After a day filled with vertical climbs, we decided to go in the complete opposite direction the following day. We got in our Seat Leon a little after 9:00 AM and drove east until we reached Narbonne, at which point we made a right and headed south along the coast. It was a sunny day and the light seemed to dance off of the Mediterranean and we headed into Catalunya. As we neared closer to the Pyrennes, the mountains seemed to roll right into the sea and with just 10 miles left until reaching España, we got off the highway and rolled into the small beach town of Collioure.
Collioure was a busy place, but not too crowded. There is an old fortress right next to the beach that made for a truly remarkable landmark. The streets around the fortress were lined with small shops of various types. Bakery, restaurant, leather goods and pottery just to name a few. We arrived just as everything was closing up, it was time for lunch. This is something we quickly learned, the French take lunch seriously. Everything closes for 2 hours and all of the restaurants fill up. After wandering around a bit and eating a beignet before the bakery closed, we decided to partake as well. And since we were so close to Spain, tapas were a necessity. So, back in my comfort zone (I don't know a lick of French), I broke out the español and ordered away. Naomi ate everything we ordered; boquerones, jamon, tortilla, pan con tomate, and chèvre cheese.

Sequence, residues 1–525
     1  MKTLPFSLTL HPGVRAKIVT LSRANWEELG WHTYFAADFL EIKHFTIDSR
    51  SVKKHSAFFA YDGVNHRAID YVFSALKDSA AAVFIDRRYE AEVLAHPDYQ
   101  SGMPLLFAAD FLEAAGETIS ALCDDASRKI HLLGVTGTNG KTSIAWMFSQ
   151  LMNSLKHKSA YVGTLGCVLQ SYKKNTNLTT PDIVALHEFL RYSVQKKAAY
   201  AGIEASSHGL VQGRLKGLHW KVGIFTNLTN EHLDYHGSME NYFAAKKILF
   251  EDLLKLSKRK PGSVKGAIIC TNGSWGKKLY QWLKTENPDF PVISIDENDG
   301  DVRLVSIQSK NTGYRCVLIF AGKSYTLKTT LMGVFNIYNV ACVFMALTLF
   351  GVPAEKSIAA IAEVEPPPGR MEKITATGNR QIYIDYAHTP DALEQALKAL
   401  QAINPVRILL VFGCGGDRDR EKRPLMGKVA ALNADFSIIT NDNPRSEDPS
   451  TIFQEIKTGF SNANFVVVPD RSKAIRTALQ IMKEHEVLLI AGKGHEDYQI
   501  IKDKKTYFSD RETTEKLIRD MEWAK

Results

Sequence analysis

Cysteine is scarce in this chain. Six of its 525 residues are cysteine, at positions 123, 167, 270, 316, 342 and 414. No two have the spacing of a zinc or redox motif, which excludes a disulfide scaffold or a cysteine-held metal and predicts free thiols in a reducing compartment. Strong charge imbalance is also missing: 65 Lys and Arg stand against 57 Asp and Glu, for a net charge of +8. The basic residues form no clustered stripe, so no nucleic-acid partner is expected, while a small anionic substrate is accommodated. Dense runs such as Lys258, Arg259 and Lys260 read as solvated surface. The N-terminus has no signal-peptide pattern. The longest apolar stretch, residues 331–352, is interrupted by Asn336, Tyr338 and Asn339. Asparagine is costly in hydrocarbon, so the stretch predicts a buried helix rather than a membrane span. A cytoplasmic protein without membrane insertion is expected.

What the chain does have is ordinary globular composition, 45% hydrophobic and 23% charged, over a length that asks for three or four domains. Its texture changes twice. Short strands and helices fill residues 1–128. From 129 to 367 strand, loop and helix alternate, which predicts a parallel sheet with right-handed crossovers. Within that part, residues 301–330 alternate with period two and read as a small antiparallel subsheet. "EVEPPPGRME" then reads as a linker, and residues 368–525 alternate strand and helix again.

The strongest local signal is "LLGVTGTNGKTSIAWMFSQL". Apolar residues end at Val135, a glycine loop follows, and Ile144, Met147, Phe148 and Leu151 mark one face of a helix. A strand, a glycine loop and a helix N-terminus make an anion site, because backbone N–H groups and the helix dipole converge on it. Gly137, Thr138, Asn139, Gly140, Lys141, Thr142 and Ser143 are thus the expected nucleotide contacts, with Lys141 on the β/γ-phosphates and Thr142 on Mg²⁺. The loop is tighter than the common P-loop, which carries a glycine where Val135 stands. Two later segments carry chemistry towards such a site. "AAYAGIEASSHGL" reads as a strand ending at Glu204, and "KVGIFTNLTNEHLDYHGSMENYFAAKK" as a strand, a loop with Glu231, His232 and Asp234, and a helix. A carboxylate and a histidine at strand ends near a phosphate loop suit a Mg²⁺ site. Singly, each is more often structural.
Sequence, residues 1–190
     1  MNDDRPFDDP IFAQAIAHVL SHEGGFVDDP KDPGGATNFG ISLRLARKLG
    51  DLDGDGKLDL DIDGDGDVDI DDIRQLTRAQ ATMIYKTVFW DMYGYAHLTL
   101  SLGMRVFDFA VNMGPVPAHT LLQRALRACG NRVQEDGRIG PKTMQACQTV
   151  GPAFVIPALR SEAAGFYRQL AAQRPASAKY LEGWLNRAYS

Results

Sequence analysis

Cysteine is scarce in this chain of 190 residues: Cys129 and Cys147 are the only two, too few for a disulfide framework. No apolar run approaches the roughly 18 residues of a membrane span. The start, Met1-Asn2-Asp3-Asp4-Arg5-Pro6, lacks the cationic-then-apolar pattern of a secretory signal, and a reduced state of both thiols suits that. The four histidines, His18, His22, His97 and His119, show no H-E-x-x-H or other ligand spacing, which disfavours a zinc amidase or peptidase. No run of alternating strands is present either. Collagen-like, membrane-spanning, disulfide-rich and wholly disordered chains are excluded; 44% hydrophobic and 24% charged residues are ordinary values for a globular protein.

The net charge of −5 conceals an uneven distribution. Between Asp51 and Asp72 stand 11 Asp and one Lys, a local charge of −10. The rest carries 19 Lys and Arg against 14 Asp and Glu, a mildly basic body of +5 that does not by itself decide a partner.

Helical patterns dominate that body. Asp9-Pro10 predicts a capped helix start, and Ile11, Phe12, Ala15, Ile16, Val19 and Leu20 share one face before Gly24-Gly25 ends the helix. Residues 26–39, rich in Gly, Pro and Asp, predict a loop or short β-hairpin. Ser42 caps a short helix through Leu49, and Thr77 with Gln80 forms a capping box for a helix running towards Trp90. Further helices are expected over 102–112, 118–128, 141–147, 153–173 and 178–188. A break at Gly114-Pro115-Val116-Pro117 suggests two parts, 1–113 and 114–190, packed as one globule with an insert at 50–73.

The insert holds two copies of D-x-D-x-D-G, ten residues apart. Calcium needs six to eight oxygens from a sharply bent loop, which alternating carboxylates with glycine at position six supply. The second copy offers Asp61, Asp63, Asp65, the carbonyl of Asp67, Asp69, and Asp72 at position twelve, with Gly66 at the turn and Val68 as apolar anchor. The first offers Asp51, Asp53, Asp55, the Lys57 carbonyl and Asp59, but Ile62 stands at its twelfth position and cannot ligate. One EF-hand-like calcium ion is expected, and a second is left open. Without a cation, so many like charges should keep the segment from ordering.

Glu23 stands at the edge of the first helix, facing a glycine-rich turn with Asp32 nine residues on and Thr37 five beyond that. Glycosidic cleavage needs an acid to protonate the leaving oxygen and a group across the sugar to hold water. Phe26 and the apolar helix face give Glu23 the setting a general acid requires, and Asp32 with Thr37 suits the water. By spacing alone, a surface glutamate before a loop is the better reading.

After lunch, we took a quick walk on the beach where we could throw some stones into the sea and get our feet wet. Then we shared a gelato before heading out to tour a local vineyard. The tour itself was nothing extraordinary, but the product was. It was a fortified wine, similar to porto, called Banyuls. It was aged for 11 years before even being sold. Yep, we brought some back. After the tour, we headed back up the coast, then turned to the west and drove home into the sunset. Great way to ride out your 30s.
Next up: France: Part IV - Carcassonne and the Canal du Midi